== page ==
Authors: Win Blevins
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This book is for Meredithâ
wife, partner, friend, all.
The spirit of the Lordâ¦hath sent me to bind up the broken-heartedâ¦to comfort all that mournâ¦to give unto them beauty for ashes, the oil of joy for mourning, the garment of praise for the spirit of heaviness.
AM PICTURED HIMSELF
as a hollow bone, stripped of the marrow that made him alive.
A hollow man notices little. He barely registered his fellow passengers, the captain, and crew. He barely knew the name of the steamboat, or the ports they stopped in, Cincinnati, Louisville, Evansvilleâ¦
He did feel the force of the current, the urge of the river, westward, westward, down the Ohio River. As much as he could experience any emotion, he was glad.
At night he dreamt of emptiness. He slept outside on the bow of the steamer, wrapped in the moon's misty light and curled up with his pet coyote. Sometimes he dreamt that he was a feather, drifting on the wind alone. He had heard Crow men, his friends, make a piping music with the hollow bone from the wing of an eagle. But Sam's flight made no music. The air passed through him, sterile, and no song filled his emptiness.
For the past two years he had wandered as a beaver hunter through the Rocky Mountains and the huge plains that stretched from them to the Missouri River. Two weeks ago he had started home, drawn by a force he could not name. After traveling a thousand miles he found a world and a family he no longer knew. He felled his older brother with a fist. He said a hurried goodbye to his mother and his sisters, a last goodbye. In effect, he had tipped his life upside down and poured out his past, his family, his home.
Now he was empty.
It was Sam's nature to be curious, especially curious about people. Yet these days he wanted to talk only to his coyote, Coy. Why? He didn't know. He didn't always know himself.
He paid attention mostly to the motion of the currents, downriver. He didn't see the passing woodlands of Ohio, Kentucky, Indiana, Illinois, though he knew they were beautiful. He used mostly his mind's eye. He saw stretches of plain so vast they must embrace the whole world. He saw mountains rolling sensuously against a lilac sky. He tasted the water in clear mountain creeks, so cold it hurt the gullet. He saw huge herds of buffalo running across the grasslands, so thick a man could dance across an entire herd and never touch the ground. He saw friends, both trappers and Indians. He saw his best friend, Blue Medicine Horse, and the woman he loved, Meadowlark.
When he looked at his fellow passengers, and only then, he thought of what was behind him. Home, yes, maybe that was the word for it, which was closed to him now. He said the word in his mind onlyâhomeless.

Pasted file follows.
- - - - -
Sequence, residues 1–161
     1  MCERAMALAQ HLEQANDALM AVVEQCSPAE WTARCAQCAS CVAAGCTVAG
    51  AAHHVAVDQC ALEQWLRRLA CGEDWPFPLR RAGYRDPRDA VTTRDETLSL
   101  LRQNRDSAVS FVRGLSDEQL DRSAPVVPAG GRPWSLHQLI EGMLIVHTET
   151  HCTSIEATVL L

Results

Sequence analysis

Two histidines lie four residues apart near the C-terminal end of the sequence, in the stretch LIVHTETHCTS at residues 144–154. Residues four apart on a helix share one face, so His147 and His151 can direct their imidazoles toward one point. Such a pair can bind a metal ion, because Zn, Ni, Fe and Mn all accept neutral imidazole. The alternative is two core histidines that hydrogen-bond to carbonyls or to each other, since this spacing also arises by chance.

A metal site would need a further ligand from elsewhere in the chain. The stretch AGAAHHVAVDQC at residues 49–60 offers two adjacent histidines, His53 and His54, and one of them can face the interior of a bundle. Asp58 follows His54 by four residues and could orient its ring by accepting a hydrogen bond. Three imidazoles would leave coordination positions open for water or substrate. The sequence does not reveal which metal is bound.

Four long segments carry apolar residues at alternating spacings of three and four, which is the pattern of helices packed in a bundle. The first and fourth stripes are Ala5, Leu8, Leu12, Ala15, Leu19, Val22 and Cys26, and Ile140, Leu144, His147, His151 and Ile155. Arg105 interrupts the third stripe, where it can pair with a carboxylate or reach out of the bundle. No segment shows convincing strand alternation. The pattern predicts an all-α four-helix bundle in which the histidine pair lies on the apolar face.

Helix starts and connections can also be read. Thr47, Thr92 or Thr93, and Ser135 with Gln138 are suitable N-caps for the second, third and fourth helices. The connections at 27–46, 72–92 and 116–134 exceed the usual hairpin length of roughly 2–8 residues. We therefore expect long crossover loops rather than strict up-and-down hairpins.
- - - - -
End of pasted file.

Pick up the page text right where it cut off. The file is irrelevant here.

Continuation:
He set his feet on the bow of the steamboat, which now rode the turbulent waters of the Ohio and would soon churn up the great Mississippi to St. Louis, the river town. There he would set off for the Rocky Mountains, alone. Home? He didn't know. He only wanted to be there, now.
Sometimes, wrapped in his blankets on the bow, he had another dream. In this dream he was not a hollow feather floating on the wind. He was a buffalo, a buffalo not of the earthly world, but of another dimension, maybe the spirit world. There something happened to him and the buffalo, something that could not happen in the ordinary world.
This realm seemed to him more real than the ordinary world, and more alive. In his dream he held his arms out toward the Spirit Buffalo, but it was always too far away, elusive, and mysterious. In the West, when he got there, he would feel the buffalo close again, and vital.
He was aware that his companions on the boat had no thought of buffalo, and certainly not Spirit Buffalo. They cared nothing about the tow-headed youth who was obviously the expedition's poorest, least-educated, least-decorous passenger. They showed distaste for the dog that hung near him. (Sam had been obliged to lie to the captain that his coyote was a common dog.) Sam overheard the captain dismissing him curtly to Mrs. Goodwill as “a backwoodsman of the roughest sort.” He noticed how they avoided him.
They felt equally alien to him. He rolled into the rhythm of the waters.
FTER THE BOAT
turned up the Mississippi, closer to buffalo country, Sam saw the Spirit Buffalo more often, saw it with his inner eyes.
The Spirit Buffalo taunted him every night. Sometimes he pictured it exactly as it first came to him. On these nights he once again performed the miracle. He entered into the body of the Spirit Buffalo, knitted himself into it, mingled his blood with its blood, its heart with his own, and they breathed with one breath. Then he and the Buffalo rose as one man-beast, surveyed all, and set forth.
“Samalo.” That one word sounded, though he didn't know who spoke it. It was his own name and the name Buffalo joined. One creatureâSamalo.
Some nights he got just pieces of the dream, and some nights the pieces were mad, like a painting on glassâbut the glass had been dropped, the paintings turned to shards, glinting hints of a beauty that once had been, and might or might not be again.
Sam would put the painting back togetherâonce he was in the West, once he got up the Missouri River to the country where the buffalo lived, the buffalo that were physical and fed the belly, and the Buffalo that fed the spirit.
And once he was in the West, he would make his way to the Wind River Mountains, where her village lived, and seek out Meadowlark.